Evenhandedness might be a Socratic ideal, but it can be awfully boring on stage. Playwright Douglas Post goes out of his way to present both sides of what he perceives as today’s most significant cultural rift: the seculars against the religious, and vice versa. In the middle stands a moderate Republican congressman from Texas (Tom Amandes, conflicted yet stalwart, in the production’s one believable performance), who finds himself caught in the crossfire between his bitchy wife (Bethany Alexander, as a comely environmentalist) and his new chief of staff (Lindsay Gould, as a comely born again Christian). With a hurricane headed directly for the house, the women argue Al Gore versus Armageddon, playing tug-of-war with the congressman’s loyalties—until one of them abruptly drops the rope. The problem with Post’s approach is that no discernable point of view emerges. The play (currently at Victory Gardens) is populated with mouthpieces for one side or the other, instead of fully realized personalities. And under Dennis Zacek’s direction, the performances reflect that artificiality. (Nina Metz)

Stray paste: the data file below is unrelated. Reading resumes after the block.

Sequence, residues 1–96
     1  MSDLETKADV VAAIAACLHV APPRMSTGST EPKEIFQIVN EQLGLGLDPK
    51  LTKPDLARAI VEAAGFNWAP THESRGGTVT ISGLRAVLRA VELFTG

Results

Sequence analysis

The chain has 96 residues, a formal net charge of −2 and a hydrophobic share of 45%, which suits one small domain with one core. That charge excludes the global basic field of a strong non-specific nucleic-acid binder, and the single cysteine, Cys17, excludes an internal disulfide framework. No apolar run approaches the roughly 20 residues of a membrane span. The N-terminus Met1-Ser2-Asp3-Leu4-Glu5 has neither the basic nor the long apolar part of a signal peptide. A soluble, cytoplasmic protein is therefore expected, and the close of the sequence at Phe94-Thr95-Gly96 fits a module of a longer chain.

This production is now closed.